The “Nightline” Broadcast

Assuming it doesn’t conflict with the T-Wolves’ playoff victory, I plan to watch tonight’s much-publicized “Nightline,” which will feature a reading of the names of every American soldier killed in Iraq.
The broadcast has been roundly attacked by the conservative side of the blogosphere pretty much since it was announced, though I can’t figure out why; the main arguments seem to be that the show has a hidden agenda to undermine the war, that Ted Koppel is a radical leftist who seeks to exploit the war for partisan political gain, and that the whole enterprise is a big stunt aimed at the first night of sweeps month. One owner of stations has even refused to air it.
As someone who did (and continues to) support the war in Iraq and who hasn’t watched “Nightline” in at least a year, my retort to those three arguments is, “bullshit,” “bullshit,” and “bullshit.” First of all, if it were “Nightline”‘s agenda to undermine the war effort, don’t they have other tools at their disposal? Such as, say, throwing up pictures of blood, severed limbs, and other such wartime horrors? A listing of names accompanied by American flags and music isn’t exactly the sort of material that’s likely to ratchet up anti-American feelings.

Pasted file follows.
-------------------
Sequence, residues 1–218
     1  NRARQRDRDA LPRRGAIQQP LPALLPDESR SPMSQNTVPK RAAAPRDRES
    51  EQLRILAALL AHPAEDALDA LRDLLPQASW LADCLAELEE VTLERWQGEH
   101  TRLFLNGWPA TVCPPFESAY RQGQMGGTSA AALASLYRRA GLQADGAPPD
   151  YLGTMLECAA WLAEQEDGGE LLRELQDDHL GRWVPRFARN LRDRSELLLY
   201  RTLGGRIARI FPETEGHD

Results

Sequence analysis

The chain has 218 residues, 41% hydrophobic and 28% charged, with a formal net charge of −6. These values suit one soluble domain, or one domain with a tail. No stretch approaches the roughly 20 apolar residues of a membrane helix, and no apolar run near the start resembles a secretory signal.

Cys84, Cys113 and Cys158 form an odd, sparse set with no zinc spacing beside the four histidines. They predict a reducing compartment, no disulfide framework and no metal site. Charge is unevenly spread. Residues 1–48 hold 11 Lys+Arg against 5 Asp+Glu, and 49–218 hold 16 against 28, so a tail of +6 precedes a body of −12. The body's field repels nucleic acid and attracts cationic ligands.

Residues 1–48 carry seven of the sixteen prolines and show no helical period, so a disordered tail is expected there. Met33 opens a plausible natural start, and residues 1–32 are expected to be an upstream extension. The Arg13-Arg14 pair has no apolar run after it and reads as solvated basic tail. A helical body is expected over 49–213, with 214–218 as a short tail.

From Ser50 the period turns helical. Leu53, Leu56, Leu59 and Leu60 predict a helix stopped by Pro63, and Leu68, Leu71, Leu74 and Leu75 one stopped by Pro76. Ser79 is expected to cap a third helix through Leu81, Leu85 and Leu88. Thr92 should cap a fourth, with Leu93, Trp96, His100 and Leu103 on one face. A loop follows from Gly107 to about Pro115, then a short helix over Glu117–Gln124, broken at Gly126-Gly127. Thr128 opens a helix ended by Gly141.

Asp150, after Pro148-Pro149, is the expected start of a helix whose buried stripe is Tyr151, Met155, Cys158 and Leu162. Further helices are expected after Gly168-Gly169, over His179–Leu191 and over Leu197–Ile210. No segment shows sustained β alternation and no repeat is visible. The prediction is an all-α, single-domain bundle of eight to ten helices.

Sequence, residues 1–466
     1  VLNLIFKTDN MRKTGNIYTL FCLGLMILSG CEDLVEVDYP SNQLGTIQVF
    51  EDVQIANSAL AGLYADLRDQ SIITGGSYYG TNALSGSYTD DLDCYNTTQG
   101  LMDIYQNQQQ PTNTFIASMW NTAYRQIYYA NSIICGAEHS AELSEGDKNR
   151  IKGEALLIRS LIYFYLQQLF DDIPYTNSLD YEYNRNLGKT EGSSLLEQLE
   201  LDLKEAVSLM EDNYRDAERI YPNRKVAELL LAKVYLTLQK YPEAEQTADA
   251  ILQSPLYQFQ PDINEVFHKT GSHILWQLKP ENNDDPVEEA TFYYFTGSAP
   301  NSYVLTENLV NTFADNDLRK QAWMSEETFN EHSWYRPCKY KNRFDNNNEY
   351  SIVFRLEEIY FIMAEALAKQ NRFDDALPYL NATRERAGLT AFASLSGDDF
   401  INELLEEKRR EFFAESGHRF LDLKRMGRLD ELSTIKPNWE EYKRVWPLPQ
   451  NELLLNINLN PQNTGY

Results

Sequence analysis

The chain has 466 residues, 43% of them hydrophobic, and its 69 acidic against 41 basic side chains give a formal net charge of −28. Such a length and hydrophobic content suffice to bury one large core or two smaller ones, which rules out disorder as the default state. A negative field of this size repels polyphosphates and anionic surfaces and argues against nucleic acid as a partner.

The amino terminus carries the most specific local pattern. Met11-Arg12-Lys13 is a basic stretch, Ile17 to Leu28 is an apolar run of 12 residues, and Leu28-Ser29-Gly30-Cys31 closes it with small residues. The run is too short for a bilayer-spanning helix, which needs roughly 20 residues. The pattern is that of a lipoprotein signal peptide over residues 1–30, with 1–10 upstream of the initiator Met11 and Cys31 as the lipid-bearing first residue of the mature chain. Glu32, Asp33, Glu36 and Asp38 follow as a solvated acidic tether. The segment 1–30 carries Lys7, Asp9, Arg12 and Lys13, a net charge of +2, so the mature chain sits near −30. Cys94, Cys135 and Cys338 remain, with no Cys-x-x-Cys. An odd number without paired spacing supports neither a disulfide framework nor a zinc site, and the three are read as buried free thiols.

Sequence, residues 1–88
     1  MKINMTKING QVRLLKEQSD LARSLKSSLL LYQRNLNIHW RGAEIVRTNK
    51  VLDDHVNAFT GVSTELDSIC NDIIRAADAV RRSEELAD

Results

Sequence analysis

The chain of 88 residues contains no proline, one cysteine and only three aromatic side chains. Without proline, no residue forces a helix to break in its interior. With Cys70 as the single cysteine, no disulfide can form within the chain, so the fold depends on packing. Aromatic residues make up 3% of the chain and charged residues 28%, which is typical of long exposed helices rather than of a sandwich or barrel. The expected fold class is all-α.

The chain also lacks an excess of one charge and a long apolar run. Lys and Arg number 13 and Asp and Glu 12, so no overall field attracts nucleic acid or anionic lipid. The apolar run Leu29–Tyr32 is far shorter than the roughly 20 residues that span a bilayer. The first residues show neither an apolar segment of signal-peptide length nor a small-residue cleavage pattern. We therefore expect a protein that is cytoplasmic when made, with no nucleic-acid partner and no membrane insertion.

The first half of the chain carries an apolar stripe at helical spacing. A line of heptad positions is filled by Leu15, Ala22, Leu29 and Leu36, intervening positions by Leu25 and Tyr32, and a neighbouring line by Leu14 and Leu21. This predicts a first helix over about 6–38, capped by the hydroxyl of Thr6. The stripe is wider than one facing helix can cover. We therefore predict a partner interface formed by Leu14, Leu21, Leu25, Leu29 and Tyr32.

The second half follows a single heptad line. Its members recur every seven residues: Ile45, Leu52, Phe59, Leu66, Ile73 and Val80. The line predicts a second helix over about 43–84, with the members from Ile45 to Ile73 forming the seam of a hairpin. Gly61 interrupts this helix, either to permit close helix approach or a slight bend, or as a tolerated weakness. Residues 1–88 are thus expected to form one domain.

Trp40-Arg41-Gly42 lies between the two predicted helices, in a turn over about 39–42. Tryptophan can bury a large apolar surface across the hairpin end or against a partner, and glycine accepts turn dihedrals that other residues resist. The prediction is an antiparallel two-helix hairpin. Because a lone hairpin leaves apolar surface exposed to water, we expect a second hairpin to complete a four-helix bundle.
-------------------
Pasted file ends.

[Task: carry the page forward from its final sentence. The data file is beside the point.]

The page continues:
As for Koppel, is he a liberal? Most likely. Did he oppose the war in Iraq? I would imagine he probably did. But come on- we’re not dealing with Noam Chomsky here. Koppel is one of the most respected journalists in the country, and in more than 30 years I don’t think any reputable source has ever questioned his honesty or his integrity. Unless you’re of the mind that being a liberal signifies a lack of both. If anyone in television news has the gravitas to pull off such a move, it’s Ted Koppel.
And thirdly, anyone who calls tonight’s broadcast a “sweeps stunt” clearly knows nothing about how sweeps work. The four sweeps periods are when the networks are measured for ratings and demographics as to set advertising rates for the following three months. Is one night of “Nightline,” on a Friday, really going to have that big an effect on that 30-day average, and thus on ABC’s bottom line? I’d imagine that ABC’s television brass, if they hadn’t just been fired, would be more concerned with the upcoming series finale of “The Practice.”
As I said, I’m planning to watch the show, and if it turns out I was way off I’ll say so. But if there’s some reason why it’s inherently wrong for ABC to commemorate the dead, then I’d love to hear it.

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